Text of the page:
politico brilliantly headlines an article gay marriage inevitability in doubt, and goes on to use the final paragraph to make just the opposite point:
...a review of recent polling and conversations with political operatives and pollsters on both sides of the issue suggest that same-sex marriage still benefits from deep support from younger voters.

A Gallup poll from May, for instance, found that 18 to 29 year olds favor same-sex marriage by a margin of 59% to 37%, while people 65 and over oppose it by an even wider margin. And other studies have suggested the support among young voters is broad, and stretches across regions. One recent Columbia University study reported that more than 50% of 18-29 year olds in 38 states support same-sex marriage.
this is not becoming a generational issue, it already is. setbacks in maine, new york, and (likely) new jersey aside, the momentum may have slowed, but the direction is basically the same.
UPDATE 12/10/09 politico has since changed the headline to read is gay marriage 'inevitable'?

Tuesday, December 8, 2009

size does matter

a jellyfish. beautiful, but not a pleasant site in the sea of japan. even more unpleasant when you realize this is no ordinary little jellyfish. in fact, little has nothing to do with it.

from environmental graffiti:

"They came from the deep – swarms of giant jellyfish that can sink trawlers and strike fear into the hearts of fishermen. Growing to almost seven feet wide, weighing a sumo-sized 450lb (200kg), and armed with myriad stinging tentacles, Echizen kurage sound like the stuff of Japanese sci-fi, yet the threat they pose is as real as it gets. Since 2005, these slimy horrors have been wreaking havoc in the waters off the coast of Japan – and how to stop them is anyone’s guess."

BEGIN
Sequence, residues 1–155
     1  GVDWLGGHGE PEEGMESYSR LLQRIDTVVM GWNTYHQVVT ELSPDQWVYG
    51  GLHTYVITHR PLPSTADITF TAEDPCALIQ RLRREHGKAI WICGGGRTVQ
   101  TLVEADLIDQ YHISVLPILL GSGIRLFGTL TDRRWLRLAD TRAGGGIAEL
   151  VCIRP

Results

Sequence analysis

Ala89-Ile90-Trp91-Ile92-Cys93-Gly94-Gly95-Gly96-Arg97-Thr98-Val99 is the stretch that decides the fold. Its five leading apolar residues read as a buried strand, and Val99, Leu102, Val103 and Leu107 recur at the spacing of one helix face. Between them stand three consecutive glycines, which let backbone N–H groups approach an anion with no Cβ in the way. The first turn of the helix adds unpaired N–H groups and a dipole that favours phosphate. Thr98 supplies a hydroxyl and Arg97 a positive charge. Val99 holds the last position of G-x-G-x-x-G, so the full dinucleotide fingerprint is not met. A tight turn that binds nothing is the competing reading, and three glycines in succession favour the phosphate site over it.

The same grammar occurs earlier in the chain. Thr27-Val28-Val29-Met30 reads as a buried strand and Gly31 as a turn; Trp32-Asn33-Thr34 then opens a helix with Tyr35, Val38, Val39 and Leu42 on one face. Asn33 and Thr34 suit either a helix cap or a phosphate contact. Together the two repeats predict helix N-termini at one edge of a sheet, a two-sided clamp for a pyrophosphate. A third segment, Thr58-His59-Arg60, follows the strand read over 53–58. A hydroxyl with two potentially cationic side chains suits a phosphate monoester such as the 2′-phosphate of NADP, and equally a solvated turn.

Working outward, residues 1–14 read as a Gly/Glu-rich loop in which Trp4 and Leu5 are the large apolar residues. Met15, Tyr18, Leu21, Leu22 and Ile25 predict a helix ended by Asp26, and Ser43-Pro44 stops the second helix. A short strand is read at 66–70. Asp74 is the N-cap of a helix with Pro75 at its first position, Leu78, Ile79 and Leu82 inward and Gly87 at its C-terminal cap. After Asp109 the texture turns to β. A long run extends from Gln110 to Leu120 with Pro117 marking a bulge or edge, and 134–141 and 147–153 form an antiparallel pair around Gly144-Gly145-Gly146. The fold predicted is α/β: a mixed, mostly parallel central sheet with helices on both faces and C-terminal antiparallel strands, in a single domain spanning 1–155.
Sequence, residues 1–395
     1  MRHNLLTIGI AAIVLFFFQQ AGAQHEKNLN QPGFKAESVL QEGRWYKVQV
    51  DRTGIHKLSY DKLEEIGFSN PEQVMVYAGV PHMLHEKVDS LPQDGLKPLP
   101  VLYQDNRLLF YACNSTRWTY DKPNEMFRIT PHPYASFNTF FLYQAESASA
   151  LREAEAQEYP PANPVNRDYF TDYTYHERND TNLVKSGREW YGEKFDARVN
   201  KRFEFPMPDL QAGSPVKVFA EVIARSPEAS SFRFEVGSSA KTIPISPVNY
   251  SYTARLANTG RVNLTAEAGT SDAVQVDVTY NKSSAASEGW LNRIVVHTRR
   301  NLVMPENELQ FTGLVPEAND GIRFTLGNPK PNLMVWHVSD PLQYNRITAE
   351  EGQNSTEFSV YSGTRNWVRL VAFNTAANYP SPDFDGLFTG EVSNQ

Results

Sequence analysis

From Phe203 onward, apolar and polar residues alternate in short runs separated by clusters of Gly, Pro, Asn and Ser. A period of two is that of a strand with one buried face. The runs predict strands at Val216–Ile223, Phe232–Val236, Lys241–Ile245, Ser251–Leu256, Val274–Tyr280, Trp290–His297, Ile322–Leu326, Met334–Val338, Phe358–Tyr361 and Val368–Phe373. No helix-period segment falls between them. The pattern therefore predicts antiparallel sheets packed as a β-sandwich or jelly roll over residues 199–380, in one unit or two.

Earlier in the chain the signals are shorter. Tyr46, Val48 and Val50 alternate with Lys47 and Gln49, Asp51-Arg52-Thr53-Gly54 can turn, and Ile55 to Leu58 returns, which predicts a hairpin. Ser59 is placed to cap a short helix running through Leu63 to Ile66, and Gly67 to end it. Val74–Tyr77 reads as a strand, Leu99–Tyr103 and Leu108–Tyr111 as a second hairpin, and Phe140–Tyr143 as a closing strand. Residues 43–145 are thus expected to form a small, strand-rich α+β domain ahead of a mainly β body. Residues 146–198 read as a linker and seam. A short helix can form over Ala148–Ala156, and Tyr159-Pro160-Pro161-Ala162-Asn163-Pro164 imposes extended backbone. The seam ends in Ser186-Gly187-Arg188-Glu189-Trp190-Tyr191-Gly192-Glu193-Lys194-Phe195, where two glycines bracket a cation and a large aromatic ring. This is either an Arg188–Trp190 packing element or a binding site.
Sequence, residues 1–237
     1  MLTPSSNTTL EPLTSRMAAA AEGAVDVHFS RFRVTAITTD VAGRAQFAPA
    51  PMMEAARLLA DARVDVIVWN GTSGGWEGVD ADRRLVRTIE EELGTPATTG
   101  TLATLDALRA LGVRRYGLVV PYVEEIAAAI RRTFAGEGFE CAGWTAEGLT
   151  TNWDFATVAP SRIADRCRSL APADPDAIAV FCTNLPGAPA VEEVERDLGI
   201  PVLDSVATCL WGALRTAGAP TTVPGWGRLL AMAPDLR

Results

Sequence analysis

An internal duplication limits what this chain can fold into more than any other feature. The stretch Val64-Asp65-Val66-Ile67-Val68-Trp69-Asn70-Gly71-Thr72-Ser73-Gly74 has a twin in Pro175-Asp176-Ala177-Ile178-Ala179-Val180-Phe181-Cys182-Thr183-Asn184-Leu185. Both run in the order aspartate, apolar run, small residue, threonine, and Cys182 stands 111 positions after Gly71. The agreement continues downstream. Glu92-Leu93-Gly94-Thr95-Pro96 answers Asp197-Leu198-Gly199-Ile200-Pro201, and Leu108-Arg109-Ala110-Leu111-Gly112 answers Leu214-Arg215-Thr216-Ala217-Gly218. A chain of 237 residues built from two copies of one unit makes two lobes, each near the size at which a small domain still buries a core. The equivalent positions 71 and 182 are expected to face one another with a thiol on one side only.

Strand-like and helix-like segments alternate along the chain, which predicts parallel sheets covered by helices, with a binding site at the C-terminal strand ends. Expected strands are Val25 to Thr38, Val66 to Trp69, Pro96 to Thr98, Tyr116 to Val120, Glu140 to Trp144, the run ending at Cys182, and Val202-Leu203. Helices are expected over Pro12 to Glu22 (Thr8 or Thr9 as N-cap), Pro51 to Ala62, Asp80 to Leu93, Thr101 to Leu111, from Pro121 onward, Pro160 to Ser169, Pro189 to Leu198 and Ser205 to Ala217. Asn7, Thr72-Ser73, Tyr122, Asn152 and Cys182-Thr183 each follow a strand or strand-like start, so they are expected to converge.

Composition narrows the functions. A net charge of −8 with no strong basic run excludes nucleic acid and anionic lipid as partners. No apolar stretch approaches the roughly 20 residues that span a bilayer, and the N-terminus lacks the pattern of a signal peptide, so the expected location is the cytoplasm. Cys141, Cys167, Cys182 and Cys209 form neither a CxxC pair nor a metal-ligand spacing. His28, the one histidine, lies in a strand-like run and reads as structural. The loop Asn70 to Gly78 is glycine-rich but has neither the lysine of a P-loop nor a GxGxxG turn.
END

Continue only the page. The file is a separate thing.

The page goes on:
more on the giant jellyfish, including video, here.

what to do when you have too many giant jellyfish? npr's madeleine brand uncovered one solution in yokohama:

it was 29 years ago today...

Friday, December 4, 2009

the threat to marriage

if you haven't seen this, you should:

new york state senator diane savino speaks on marriage equality just before the senate voted the bill down.

大橋トリオ: i can't get enough

a few weeks ago started buying ohashiTrio records. i haven't stopped yet.

Thursday, December 3, 2009

i say a little prayer for you

nasty grumpy sad face-lift person crawls out from under his rock to offer some absolutely brilliant advice to young gay actors everywhere (cue eye roll.)

unfortunately for nasty grumpy sad face-lift person, lots of those young gay actors are saying to themselves, "rupert who?"

a heavenly pressing

proof that "life is going to be good," according to mary jo coady.

and then there's this.

Wednesday, December 2, 2009

backlash: 38-24

via andrew sullivan:
New York's state senate continues the recent backlash against recent expansion of marriage equality. The vote against marriage equality was more lopsided than many had hoped for. Not a single Republican voted for the bill, despite intense lobbying. The vote in the Assembly was 88 - 51 in favor of civil equality.